Olson is acquiring Chicago-based public relations shop Dig Communications in a move that gives Olson its first sizable footprint outside of its home market of Minneapolis.
With the addition of Dig, Olson will swell to more than 360 employees, and nearly 20% of the agency’s overall revenue will now be driven by PR. Dig’s founder, Peter Marino, becomes president of the newly merged agency’s PR practice, which will be rebranded Olson PR. Dig employees will remain in their respective office locations in Chicago, Milwaukee, New York and San Francisco.
Mr. Marino said Dig witnessed a spike in inbound interest from potential buyers in the past nine months. It was approached by several groups that had been on the sidelines for the past two years but were able to gain access to capital coming out of the recession, he speculated. For him, the “integrated potential” of teaming up with Olson was alluring, especially as clients were asking for Dig’s PR services to be enhanced by other disciplines.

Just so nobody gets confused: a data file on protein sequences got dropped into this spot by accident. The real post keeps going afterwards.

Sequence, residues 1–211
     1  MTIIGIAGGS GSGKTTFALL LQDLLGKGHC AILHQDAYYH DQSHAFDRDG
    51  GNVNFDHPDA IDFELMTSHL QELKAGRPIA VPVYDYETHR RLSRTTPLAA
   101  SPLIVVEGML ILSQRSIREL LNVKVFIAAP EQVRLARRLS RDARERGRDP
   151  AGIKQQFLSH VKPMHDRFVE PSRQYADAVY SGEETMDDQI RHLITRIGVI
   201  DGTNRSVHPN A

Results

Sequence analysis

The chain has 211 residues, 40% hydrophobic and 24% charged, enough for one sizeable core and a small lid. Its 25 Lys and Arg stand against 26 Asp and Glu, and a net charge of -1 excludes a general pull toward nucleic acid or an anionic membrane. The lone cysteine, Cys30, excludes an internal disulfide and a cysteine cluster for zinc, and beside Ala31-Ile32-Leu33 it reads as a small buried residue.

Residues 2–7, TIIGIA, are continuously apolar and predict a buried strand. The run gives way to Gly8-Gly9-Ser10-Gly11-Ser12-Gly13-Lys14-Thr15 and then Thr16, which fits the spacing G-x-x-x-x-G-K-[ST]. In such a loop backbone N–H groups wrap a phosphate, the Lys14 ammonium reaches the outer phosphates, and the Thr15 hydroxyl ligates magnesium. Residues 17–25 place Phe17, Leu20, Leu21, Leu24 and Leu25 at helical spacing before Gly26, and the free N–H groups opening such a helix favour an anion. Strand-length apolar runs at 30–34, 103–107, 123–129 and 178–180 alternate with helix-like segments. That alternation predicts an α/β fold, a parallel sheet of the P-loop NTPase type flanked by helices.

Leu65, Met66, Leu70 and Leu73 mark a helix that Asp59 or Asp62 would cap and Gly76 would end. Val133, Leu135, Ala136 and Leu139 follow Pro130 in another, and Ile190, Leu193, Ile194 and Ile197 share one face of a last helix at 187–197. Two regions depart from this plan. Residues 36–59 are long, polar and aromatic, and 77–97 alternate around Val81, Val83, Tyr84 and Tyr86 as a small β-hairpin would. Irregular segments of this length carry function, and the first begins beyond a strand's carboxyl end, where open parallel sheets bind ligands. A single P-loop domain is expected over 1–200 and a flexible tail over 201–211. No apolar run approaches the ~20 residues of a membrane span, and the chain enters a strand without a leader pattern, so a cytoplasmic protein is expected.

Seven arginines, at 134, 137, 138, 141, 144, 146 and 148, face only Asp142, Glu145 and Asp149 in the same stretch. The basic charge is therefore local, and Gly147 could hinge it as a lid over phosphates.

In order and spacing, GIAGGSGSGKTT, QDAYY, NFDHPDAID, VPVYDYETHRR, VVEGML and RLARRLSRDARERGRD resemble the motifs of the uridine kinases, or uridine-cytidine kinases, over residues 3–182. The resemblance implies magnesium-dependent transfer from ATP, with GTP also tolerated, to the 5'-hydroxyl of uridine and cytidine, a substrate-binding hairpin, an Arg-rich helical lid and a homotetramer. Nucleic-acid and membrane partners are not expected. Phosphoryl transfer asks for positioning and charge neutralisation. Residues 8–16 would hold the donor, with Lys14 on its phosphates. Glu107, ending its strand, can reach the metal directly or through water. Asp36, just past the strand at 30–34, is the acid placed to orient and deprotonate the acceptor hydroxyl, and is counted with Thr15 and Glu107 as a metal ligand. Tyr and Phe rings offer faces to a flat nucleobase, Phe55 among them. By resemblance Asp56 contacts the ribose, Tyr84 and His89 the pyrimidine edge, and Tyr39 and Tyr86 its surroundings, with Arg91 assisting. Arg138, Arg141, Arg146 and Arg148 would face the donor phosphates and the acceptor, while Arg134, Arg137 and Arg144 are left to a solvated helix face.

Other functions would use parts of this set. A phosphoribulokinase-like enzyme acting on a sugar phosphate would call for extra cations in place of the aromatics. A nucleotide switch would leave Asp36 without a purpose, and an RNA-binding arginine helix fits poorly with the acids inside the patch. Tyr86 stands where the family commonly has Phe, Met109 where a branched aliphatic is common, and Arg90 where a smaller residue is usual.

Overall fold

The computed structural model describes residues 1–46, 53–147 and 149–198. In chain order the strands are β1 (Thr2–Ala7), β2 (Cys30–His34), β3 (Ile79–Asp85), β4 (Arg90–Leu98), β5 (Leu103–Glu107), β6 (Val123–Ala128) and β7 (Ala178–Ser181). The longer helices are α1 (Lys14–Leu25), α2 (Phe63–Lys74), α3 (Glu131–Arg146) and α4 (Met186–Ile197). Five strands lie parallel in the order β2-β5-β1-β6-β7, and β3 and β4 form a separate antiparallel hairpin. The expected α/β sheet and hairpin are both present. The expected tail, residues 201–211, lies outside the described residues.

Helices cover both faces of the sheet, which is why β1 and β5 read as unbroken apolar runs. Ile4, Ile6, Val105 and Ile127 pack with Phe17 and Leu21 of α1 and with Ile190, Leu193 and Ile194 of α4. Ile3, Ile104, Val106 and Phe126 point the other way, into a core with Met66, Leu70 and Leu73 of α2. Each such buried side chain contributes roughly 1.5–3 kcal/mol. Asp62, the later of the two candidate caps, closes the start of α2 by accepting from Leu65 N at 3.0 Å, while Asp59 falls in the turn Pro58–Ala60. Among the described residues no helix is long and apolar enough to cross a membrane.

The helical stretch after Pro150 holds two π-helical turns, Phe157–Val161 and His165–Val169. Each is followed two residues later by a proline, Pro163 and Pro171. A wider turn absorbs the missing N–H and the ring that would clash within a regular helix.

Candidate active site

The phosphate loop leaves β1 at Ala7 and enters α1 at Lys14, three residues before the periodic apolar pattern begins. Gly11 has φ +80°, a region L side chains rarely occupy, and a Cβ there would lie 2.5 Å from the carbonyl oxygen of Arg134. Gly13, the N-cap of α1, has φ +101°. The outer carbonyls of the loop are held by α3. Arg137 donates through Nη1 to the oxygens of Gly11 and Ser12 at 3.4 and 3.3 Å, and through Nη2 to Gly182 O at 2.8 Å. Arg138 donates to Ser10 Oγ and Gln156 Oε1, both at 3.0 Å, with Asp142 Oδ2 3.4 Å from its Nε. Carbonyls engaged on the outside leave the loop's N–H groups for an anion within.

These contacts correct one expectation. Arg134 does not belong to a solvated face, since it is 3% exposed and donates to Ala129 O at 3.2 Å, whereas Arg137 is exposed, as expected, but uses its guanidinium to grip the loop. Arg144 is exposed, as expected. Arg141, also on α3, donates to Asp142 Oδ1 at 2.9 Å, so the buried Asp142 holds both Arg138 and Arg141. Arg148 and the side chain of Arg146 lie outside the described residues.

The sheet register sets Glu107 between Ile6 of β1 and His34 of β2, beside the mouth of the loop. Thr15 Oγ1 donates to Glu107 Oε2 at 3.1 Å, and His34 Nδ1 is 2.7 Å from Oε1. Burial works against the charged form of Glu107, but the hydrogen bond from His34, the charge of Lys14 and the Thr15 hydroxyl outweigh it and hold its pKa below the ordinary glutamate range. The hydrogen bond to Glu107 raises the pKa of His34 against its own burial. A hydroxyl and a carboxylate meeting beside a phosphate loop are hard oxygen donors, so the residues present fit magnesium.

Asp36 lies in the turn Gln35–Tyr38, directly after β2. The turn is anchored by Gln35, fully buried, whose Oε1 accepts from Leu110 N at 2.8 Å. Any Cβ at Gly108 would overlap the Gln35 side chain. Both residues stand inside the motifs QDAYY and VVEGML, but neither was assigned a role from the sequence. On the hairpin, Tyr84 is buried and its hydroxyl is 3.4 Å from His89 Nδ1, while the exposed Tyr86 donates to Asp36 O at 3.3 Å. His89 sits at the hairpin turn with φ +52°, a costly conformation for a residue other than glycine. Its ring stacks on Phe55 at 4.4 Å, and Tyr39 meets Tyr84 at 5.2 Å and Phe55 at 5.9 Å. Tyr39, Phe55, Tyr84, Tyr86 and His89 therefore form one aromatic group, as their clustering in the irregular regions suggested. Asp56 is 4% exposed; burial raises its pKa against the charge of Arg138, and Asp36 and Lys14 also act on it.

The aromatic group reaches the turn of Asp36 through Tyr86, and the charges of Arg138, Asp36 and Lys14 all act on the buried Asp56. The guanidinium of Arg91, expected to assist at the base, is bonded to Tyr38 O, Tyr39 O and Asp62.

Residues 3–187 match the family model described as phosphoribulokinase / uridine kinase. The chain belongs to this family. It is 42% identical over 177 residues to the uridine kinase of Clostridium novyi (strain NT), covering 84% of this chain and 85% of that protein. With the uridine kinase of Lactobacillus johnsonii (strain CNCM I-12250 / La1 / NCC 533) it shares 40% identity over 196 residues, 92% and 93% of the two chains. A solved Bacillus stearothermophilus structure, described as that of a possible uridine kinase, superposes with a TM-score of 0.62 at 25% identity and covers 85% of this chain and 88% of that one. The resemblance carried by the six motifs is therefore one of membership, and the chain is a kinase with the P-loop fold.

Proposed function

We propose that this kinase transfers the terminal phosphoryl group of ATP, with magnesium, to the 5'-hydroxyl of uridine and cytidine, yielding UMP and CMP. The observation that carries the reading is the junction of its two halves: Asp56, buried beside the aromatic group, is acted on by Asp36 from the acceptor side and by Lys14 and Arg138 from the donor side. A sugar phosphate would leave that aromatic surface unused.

“Dig thinks a lot like we think,” said Olson President-CEO Kevin DiLorenzo, who approached Dig about the deal this summer. “The companies, we feel, share DNA and values.”
The two shops have no client conflicts or client synergies, the executives said. Olson’s roster includes General Mills, Fifth Third Bank, Northwestern Mutual and Target, while Dig’s client list includes MillerCoors, Mars’ Wm. Wrigley Jr. Co., Harley Davidson, American Express and PepsiCo’s Quaker.
For Olson, it’s the second acquisition this year. In June it acquired loyalty-marketing agency Denali in a deal that transformed the shop into one of the Twin Cities’ largest full-service agencies and one of the country’s top 10 largest independents. And it’s still looking to do more deals.
“We’ve decided at this point in time our ambition is to continue to build the agency of the future as we see it and that isn’t through a holding-company model,” said Mr. DiLorenzo. “Our next move will be similar. Mobile is an area where we have great interest and our clients have great interest so that would be a smart next piece to put into the puzzle.”